Financial issues still haunting game


December 14, 1997|By Peter Schmuck | Peter Schmuck,SUN STAFF

It was about this time five years ago that baseball owners began their crusade for something called "cost certainty." Labor negotiator Richard Ravitch -- at the behest of influential owners Bud Selig, Jerry Reinsdorf and John Harrington -- spearheaded a drive to convince the Major League Baseball Players Association that the future of the industry depended on the ability of management to determine in advance the cost of doing business.

The union did not bite, of course, and what followed was the worst in a series of collective bargaining nightmares that has diminished the stature of baseball in American society and allowed each of the other major professional sports to grab a bigger piece of the sports entertainment pie.

Would baseball be better off now if the players union had accepted a salary cap?

Probably. The game likely would be in better financial condition and the top four payroll clubs probably would have to work a little harder to make the playoffs each year. But the union raised an issue then that remains relevant now.

Union officials charged at the time that the owners were asking the players to exercise financial restraint because the owners were not capable of exercising it themselves.

For a while, the owners seemed to grasp that concept. The large-market owners finally persuaded the players to accept a watered-down luxury tax plan and began sharing more revenue to help the small-market clubs remain solvent. Teams began releasing players to avoid salary arbitration and managed to keep the average major-league salary almost stagnant for a couple of years.

It wasn't a perfect system, but the game seemed to be on the verge of some semblance of economic stability when the owners let the genie out of the bottle again.

Reinsdorf, the hardest of the salary cap hard-liners, shocked his fellow owners last winter when he signed outfielder Albert Belle to a five-year contract worth a record $55 million. The Florida Marlins followed with an ill-advised $145 million spending spree that brought them a world title in record time (for an expansion franchise) and also pushed them so close to the financial brink that they now are intent on breaking up that championship club.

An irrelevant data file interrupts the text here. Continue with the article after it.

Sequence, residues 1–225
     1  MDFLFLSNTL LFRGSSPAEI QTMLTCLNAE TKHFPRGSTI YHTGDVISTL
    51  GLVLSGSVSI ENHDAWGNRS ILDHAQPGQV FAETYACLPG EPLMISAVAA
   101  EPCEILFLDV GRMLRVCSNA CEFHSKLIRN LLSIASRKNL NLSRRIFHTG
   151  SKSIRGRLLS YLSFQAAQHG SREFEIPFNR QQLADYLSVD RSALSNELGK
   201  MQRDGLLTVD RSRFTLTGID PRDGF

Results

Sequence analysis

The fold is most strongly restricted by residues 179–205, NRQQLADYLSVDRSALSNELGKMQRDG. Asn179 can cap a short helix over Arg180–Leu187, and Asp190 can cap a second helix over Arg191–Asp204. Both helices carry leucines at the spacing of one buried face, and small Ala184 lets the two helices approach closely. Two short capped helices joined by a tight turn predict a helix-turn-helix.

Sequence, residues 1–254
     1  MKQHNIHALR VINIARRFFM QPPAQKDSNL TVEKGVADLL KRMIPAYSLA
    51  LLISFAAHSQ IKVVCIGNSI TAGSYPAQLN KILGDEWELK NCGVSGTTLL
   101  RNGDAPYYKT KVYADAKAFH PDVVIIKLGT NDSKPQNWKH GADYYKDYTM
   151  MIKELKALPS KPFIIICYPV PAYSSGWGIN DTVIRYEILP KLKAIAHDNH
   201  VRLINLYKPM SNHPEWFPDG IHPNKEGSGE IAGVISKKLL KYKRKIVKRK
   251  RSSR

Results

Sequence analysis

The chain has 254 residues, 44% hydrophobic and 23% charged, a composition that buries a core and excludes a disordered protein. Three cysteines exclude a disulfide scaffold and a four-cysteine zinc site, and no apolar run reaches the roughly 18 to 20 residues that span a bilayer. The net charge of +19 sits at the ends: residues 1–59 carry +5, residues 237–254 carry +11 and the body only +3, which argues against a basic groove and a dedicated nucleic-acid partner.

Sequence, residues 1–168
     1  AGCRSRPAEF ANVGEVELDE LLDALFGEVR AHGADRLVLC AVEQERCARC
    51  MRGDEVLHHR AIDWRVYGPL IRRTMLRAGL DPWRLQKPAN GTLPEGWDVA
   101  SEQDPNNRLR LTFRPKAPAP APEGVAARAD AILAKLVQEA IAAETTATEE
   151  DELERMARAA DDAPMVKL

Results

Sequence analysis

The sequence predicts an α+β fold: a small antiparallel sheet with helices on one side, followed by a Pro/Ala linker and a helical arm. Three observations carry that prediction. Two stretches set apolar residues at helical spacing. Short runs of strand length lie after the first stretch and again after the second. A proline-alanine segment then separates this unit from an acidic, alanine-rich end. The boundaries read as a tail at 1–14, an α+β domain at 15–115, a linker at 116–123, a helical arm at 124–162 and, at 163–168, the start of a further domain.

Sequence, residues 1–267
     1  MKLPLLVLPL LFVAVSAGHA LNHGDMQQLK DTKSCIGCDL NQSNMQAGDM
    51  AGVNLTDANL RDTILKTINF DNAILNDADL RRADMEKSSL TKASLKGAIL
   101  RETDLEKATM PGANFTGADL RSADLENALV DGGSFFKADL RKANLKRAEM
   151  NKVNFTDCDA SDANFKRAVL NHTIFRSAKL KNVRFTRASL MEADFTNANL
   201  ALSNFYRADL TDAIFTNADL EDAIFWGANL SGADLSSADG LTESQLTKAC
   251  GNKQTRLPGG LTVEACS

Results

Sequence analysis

Then came the two newest expansion clubs, who could be excused for a certain amount of first-year, free-agent exuberance, but also contributed greatly to the rejuvenated salary spiral with several over-market contracts.

Now this. The Boston Red Sox hand National League Cy Young Award winner Pedro Martinez a six-year contract worth a record $75 million, coming after the first season in which he won more than 14 games.

The owners, once again, have met the enemy, and it is themselves.

Harrington is the guy who should know better. He is one of the game's most powerful owners. He heads up several of ownership committees. He was the guy standing in front of the cameras calling for economic sanity during the lengthy players strike.

The Red Sox can't stop there. They will have to sign first baseman Mo Vaughn to a huge contract next, and figure to enter the season with two players earning more than a third of the club's total payroll.

No doubt, union officials are watching with glee as the owners self-destruct again, but they should understand what this really means. It means that the owners' self-fulfilling prophecy of gloom and doom is coming to pass and it means that the next time the owners convene to plot their labor strategy, a new leader will emerge and convince them that they can achieve cost control.

That new leader, by the way, will be Arizona Diamondbacks owner Jerry Colangelo, who will purport to show them the way that the NBA got its economic house in order.

Reinsdorf tried that five years ago, but it doesn't matter. Things will have gotten worse. The owners will be more determined than ever to get a handle on the salary spiral. They will point to the growing gap between the richest players and the rank-and-file as the reason that the union finally will crack. And history will repeat itself, for seventh time.

Impressive depth

The Orioles will arrive in spring training with five veteran starting pitchers on the roster, which should relieve any worry about the disappointing second-half performance of left-hander Jimmy Key.

Key's durability may be in question, but the arrival of Doug Drabek, the return of Scott Kamieniecki and the potential of youngsters Rocky Coppinger and Nerio Rodriguez almost guarantee that the team will have a quality pitcher in each of the five slots in the rotation.

The area of concern, of course, is the bullpen, where the Orioles will either go with Armando Benitez and Arthur Rhodes in a co-closer arrangement or sign a veteran closer. There have been rumors that the club is interested in Norm Charlton, but he is coming off a difficult year in Seattle and does not appear to be a strong bet to fill the void left by Randy Myers.

You gotta have Hart

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